Who runs the world? Girls! The race is neck-and-neck to crown which female artist wowed the most with her 2013 concert at Mohegan Sun. So we bow to you both, Beyonce and Pink. Beyonce rules with charisma and old-school showmanship. Well, that and power pipes and the best hair flip in the business. Pink out-Cirques all those performers who would try to fly through the air with the greatest of ease; she pings and pongs and spins and somersaults. Oh, and she sings while she's doing it, too, and gives off sparks of attitude.

- Kristina Dorsey

Yes; MGM Grand Theater at Foxwoods

If a tree falls on Jon Anderson and no one is around to hear him scream, does he still make a sound? Who knows - but can Yes still be Yes without Anderson? I thought not until I saw the epic British prog band perform with new singer Jon Davison. He was note-perfect and didn't try to upstage iconic members Chris Squire, Alan White and Steve Howe (with legendary keyboardist WHO also onboard). Most important, the band played astounding back-to-back versions of what are arguably their two greatest albums, "The Yes Album" and "Close to the Edge."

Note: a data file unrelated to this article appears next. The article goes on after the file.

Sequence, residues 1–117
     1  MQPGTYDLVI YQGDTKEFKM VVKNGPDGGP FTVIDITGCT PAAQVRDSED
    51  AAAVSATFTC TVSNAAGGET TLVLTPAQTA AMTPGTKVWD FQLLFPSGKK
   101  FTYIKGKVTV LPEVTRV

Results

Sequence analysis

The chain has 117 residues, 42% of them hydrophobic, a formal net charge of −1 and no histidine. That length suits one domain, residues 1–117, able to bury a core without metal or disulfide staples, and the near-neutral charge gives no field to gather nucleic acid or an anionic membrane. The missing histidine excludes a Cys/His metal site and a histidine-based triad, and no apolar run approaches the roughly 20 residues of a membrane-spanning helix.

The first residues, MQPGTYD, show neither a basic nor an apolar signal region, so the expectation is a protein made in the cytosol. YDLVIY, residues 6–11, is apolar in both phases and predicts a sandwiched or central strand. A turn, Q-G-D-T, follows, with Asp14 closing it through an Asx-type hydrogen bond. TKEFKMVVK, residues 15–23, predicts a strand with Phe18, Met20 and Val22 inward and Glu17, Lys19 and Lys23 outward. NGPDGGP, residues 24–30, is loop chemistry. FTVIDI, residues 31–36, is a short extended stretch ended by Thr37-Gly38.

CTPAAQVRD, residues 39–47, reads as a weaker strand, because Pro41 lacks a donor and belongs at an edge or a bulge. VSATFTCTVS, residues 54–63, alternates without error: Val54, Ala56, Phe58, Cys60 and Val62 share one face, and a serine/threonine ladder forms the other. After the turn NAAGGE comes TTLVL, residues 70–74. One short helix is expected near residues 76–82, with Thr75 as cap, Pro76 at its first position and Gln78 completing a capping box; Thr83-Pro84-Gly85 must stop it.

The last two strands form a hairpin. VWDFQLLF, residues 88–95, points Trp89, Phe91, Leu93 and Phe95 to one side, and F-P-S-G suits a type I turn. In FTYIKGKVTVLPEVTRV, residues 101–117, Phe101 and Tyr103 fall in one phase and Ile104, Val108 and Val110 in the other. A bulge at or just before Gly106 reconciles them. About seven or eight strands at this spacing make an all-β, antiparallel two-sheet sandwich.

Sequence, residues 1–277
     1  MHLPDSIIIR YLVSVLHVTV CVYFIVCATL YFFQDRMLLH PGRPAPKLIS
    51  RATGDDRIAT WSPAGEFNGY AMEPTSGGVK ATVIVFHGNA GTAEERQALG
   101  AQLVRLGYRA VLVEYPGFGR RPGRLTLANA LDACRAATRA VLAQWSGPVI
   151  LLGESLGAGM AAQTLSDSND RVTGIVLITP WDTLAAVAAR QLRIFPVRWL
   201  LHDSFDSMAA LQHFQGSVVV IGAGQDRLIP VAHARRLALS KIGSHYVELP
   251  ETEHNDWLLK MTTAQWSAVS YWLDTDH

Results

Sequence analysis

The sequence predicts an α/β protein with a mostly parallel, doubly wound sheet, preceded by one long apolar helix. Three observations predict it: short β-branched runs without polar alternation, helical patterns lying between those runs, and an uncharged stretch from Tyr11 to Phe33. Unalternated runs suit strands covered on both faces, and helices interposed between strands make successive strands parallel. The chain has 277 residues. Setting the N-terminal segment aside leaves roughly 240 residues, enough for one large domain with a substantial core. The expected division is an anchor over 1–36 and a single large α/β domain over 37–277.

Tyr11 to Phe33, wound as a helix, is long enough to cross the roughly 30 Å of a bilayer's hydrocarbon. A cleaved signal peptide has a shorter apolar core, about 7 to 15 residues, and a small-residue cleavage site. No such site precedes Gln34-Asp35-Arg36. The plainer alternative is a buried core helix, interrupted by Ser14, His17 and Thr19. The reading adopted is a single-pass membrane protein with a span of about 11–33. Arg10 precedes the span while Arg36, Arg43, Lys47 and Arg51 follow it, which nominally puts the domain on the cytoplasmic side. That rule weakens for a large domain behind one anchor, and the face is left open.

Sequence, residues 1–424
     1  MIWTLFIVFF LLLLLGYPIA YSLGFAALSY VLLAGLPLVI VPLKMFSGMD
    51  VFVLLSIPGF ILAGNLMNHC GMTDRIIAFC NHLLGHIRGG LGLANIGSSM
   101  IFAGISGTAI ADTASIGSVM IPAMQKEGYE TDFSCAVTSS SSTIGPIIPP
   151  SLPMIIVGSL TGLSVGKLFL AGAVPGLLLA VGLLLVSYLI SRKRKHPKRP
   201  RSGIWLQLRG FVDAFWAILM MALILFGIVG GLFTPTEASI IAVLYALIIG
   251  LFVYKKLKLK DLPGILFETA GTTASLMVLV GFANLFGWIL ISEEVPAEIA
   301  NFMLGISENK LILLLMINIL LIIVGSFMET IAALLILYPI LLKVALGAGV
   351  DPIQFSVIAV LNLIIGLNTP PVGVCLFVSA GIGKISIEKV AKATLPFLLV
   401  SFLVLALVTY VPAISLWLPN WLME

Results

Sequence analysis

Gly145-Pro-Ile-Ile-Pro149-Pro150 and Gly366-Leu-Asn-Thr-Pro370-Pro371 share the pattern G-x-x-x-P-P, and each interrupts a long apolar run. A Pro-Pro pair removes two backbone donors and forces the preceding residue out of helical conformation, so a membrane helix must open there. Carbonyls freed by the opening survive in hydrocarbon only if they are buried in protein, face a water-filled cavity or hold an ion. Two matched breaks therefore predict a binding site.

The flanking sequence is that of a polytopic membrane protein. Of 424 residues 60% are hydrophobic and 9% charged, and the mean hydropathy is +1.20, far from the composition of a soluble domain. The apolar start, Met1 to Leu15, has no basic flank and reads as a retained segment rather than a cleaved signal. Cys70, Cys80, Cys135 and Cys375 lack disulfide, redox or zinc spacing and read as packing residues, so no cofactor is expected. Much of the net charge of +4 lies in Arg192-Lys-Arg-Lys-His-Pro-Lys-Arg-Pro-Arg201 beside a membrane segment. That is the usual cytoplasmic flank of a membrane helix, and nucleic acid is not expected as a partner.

- Rick Koster

Maneli Jamal; Spindrift Guitars, New London

More than one person in attendance for this show, featuring the virtuoso acoustic guitar player, couldn't believe Jamal wasn't using loop pedals or some type of backing tracks. He's that fluent and creative on his instrument - you simply can't tell how he's making all those sounds - and his fusion of Western pop and jazz with Eastern tonalities and hands-on percussive technique stupified a roomful of total guitar nuts.

- Rick Koster

Green Day; Mohegan Sun Arena

Green Day had to postponed its scheduled January concert at Mohegan Sun when Billie Joe Armstrong went into rehab. But the April show was an explosion of punk energy, and Armstrong looked as though he was enjoying himself immensely. So was the audience.

- Kristina Dorsey

Muse; Mohegan Sun Arena

Other than to burn down a church as per those Norwegian Black Metal bands, Muse effectively uses every possible high-end/dazzling/pyrotechnique production technique ever brought to any performance stage. This alone is sufficient spectacle to please an audience. But, for all the bombast, Muse is a really great and ambitious band, and a flawless two-hour recitation of their catalog, beautifully structured for maximum momentum, was a high point.

- Rick Koster

Kathy Mattea; Garde Arts Center

Kathy Mattea has spent the last few years focusing on songs inspired by coal-mining history and by the Appalachian folk music of her native West Virginia. Her concert blended that music with her country hits, and it was wonderfully evocative. Her alto remains one of the richest, most expressive voices around. If you missed Mattea at the Garde, you can see her when she plays Connecticut College on Jan. 31.